Correct implementation of VAE loss

I have some perplexities about the implementation of Variational autoencoder loss. This is the one I’ve been using so far:

def vae_loss(recon_loss, mu, logvar): 
    
    KLD = -0.5 * torch.sum(1 + logvar - mu.pow(2) - logvar.exp(),dim=1)
    
    return recon_loss + KLD

After having noticed problems in my loss convergence, even in simple tasks of 1d vectors reconstruction, I started googling around and I have find a variation of this:

def vae_loss(recon_loss, mu, logvar):
            
    KLD = torch.mean(-0.5 * torch.sum(1 + logvar - mu.pow(2) - logvar.exp(),dim=1),dim=0)

    return recon_loss + KLD

With this second vae loss the performance increases noticeably, and it’s clearly visible in reconstructed vectors as well. What I’m doing with the second implementation is taking the average over batch of samples I guess.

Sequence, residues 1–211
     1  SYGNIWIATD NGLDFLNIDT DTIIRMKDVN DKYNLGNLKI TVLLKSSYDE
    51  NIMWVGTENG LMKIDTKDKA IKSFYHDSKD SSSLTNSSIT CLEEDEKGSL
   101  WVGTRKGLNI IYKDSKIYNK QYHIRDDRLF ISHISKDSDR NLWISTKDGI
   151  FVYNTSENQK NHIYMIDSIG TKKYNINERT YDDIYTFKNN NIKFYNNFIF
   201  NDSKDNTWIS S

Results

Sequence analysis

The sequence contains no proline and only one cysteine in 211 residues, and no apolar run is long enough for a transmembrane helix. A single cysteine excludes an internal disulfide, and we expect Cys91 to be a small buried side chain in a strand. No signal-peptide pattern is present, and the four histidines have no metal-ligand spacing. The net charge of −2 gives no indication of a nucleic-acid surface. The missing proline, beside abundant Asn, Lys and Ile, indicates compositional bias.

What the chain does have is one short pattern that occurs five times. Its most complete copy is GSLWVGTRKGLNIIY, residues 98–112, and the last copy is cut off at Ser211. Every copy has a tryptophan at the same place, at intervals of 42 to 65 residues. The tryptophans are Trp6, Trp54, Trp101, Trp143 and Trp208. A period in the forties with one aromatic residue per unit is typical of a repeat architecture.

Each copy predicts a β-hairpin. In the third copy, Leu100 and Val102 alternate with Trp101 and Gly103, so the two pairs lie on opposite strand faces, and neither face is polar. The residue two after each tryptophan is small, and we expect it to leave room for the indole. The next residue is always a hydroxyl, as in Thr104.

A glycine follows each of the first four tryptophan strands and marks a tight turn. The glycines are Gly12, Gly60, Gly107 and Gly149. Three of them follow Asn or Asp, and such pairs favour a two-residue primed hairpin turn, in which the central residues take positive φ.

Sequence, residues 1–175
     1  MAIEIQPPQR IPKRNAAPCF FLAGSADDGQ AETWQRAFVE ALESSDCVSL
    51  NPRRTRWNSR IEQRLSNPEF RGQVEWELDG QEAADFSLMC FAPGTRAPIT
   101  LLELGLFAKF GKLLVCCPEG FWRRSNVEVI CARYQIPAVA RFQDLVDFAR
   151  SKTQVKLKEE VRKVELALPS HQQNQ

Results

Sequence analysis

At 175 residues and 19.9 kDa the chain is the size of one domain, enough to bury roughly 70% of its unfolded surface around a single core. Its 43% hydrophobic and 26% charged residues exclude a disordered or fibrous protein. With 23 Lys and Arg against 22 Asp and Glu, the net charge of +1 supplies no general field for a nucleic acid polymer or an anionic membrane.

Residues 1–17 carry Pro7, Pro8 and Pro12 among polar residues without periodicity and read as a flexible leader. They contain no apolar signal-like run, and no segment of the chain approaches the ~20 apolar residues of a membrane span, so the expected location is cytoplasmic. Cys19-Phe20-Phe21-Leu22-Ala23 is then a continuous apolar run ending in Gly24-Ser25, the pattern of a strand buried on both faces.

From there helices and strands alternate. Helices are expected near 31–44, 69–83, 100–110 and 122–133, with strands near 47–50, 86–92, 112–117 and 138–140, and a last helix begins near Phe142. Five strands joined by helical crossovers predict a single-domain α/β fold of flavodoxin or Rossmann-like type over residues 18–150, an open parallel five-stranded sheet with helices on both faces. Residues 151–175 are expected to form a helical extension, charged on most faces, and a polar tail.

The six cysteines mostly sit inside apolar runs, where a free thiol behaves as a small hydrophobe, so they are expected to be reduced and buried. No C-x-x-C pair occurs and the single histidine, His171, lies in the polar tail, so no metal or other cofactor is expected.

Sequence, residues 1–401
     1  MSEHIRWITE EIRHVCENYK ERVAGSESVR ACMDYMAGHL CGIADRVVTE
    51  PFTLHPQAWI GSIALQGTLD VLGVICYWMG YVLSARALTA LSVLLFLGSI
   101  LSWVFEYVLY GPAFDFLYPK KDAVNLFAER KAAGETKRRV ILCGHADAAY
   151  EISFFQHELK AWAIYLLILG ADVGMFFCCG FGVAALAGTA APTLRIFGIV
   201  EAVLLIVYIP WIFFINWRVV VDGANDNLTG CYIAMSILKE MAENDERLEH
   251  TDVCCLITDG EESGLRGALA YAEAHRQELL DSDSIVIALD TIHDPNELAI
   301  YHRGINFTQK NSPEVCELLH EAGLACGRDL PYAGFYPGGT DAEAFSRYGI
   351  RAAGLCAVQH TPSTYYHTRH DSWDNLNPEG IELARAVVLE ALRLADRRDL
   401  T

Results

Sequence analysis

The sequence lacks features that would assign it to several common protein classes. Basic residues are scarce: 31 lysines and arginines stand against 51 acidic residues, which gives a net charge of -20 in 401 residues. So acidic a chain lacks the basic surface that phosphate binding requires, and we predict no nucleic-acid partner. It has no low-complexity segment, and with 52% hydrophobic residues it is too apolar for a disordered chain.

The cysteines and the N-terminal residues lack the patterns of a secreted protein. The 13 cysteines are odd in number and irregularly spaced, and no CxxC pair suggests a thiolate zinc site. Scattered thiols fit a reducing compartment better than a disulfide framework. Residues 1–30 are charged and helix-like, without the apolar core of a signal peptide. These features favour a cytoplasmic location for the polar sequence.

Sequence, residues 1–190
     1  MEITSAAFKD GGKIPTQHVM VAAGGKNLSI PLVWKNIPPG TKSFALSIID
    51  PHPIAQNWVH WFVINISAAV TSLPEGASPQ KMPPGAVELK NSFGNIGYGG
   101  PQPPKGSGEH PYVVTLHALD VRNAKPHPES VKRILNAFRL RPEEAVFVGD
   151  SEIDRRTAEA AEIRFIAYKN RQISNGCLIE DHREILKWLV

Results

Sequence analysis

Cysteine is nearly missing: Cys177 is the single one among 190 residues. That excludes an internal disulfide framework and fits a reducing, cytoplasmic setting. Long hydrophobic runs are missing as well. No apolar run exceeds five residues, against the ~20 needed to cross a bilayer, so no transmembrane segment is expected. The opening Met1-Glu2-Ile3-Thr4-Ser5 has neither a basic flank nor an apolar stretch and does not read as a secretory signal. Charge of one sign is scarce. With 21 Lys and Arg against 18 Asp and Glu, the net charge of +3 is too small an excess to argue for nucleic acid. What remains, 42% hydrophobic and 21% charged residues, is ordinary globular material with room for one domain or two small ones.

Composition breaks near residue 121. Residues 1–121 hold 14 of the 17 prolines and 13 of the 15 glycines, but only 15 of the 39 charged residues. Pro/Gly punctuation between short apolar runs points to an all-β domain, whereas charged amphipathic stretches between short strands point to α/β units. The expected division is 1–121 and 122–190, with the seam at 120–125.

My perplexity arises from the fact that I’ve found these two separate implementations on different blogposts and I don’t know which one is correct.

If you don’t reduce over the batch dimension in the loss function, you are bound to do so elsewhere because taking gradients only works for scalar losses.

Typically, we might think of the optimization as minimizing the expected loss function on the training distribution, so taking the sample mean would seem to be a good way to reduce the batch dimension.

Best regards

Thomas

Thanks for your answer but could you elaborate a bit more on that please? The second way I’ve proposed is wrong then?

No. But upon further thought you might have some broadcasting interaction between recon_loss and KLD.